Send to:

Choose Destination
See comment in PubMed Commons below
Biol Psychiatry. 2013 Oct 1;74(7):482-9. doi: 10.1016/j.biopsych.2013.04.030. Epub 2013 Jun 14.

Prenatal cocaine exposure and gray matter volume in adolescent boys and girls: relationship to substance use initiation.

Author information

  • 1Department of Psychiatry, Yale University School of Medicine, New Haven, Connecticut.



Studies of prenatal cocaine exposure have primarily examined childhood populations. Studying adolescents is especially important because adolescence is a time of changing motivations and initiation of substance use.


Using magnetic resonance imaging and whole-brain voxel-based morphometry, we assessed gray matter volume (GMV) differences in 42 prenatally cocaine exposed (PCE) and 21 noncocaine-exposed (NCE) adolescents, aged 14 to 17 years. Associations between GMV differences in significant clusters and the probability of substance use initiation were examined.


PCE relative to NCE adolescents demonstrated three clusters of lower GMV involving a limbic and paralimbic (p < .001, family-wise error [FWE] corrected), superior frontal gyrus (p = .001, FWE corrected), and precuneus (p = .019, FWE corrected) cluster. GMVs in the superior frontal and precuneus clusters were associated with initiation of substance use. Each 1-mL decrease in GMV increased the probability of initiating substance use by 69.6% (p = .01) in the superior frontal cluster and 83.6% (p = .02) in the precuneus cluster.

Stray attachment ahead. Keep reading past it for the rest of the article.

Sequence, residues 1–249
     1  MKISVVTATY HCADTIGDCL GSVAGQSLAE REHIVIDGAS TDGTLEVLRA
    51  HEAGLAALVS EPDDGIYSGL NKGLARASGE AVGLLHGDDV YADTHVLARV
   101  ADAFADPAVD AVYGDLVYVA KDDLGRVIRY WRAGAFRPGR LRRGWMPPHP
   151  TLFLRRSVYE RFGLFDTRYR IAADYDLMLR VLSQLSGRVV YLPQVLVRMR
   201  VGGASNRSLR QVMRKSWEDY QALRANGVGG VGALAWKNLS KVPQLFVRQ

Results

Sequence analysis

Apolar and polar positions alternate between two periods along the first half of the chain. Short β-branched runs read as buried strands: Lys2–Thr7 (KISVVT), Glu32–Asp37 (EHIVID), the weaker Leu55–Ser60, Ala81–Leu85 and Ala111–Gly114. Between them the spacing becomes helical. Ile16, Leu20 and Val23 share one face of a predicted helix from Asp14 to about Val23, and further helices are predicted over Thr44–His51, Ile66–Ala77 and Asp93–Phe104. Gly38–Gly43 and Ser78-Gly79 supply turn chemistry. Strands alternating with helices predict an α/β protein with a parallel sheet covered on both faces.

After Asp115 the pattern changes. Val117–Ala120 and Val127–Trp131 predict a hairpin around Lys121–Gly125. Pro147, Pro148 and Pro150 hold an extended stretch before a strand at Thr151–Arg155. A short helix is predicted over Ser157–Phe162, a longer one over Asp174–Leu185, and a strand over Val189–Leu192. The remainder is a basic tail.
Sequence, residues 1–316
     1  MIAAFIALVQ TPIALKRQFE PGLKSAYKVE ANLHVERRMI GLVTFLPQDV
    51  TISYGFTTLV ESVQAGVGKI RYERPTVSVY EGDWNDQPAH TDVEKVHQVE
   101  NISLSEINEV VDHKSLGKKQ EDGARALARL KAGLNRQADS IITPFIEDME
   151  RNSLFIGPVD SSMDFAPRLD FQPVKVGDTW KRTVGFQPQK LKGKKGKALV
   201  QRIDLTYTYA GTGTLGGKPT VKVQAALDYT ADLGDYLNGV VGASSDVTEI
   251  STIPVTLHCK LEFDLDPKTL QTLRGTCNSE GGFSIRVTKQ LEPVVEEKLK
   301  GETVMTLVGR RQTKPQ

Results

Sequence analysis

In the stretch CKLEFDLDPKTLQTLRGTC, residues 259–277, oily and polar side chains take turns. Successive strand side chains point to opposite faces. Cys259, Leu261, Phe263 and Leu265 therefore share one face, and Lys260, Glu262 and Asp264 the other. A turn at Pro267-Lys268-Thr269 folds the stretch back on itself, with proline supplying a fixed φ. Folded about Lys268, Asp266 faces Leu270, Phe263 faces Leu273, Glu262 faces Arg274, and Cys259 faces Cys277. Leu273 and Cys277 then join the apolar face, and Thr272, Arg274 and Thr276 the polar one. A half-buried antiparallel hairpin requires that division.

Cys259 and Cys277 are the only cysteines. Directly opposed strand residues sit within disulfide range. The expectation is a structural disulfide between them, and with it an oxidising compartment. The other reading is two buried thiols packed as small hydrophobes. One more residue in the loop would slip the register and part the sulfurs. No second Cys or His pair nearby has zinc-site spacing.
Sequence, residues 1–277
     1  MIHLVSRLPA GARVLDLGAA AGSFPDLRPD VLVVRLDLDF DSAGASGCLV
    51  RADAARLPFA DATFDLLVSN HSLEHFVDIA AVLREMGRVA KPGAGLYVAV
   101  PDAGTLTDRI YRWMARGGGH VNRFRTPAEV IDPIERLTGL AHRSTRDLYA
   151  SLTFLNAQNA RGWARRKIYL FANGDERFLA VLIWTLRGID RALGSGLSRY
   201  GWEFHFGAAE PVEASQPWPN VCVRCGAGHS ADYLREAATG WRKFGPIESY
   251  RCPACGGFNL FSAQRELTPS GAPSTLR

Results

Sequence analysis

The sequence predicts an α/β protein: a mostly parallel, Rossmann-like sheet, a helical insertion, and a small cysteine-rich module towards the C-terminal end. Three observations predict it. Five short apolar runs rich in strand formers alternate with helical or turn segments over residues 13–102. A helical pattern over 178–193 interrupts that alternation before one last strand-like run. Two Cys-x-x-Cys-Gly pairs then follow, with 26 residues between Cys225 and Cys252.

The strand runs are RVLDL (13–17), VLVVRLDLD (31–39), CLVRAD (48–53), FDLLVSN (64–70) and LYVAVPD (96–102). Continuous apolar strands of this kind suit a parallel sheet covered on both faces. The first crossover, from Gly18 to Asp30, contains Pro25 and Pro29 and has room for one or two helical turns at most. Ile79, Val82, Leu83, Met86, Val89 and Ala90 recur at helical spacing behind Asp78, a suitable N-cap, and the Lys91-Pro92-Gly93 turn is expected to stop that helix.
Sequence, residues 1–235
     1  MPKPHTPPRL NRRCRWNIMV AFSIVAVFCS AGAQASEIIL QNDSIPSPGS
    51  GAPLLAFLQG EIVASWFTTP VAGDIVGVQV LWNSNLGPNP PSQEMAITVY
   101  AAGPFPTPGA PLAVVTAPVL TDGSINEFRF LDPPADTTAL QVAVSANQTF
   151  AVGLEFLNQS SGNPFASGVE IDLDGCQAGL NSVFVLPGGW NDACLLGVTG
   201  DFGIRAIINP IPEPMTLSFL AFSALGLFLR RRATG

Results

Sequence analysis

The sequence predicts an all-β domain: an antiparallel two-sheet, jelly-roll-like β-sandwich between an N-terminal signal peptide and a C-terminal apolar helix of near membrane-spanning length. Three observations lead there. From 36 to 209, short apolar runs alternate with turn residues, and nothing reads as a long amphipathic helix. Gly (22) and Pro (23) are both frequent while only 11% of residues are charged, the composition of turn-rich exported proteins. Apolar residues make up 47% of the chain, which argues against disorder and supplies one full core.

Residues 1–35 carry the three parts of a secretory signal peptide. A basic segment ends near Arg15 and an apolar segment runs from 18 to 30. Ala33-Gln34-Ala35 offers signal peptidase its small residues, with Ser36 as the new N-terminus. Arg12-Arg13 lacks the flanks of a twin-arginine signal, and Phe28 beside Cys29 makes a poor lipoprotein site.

PCE is associated with structural differences in cortical and limbic regions. Lower GMVs in frontal cortical and posterior regions are associated with substance use initiation and may represent biological risk markers for substance use.

© 2013 Society of Biological Psychiatry.


Adolescence; gray matter volume; prenatal cocaine exposure; substance use initiation; voxel-based morphometry; whole brain

[PubMed - indexed for MEDLINE]
Free PMC Article
PubMed Commons home

PubMed Commons

How to join PubMed Commons

    Supplemental Content

    Full text links

    Icon for Elsevier Science Icon for PubMed Central
    Loading ...
    Write to the Help Desk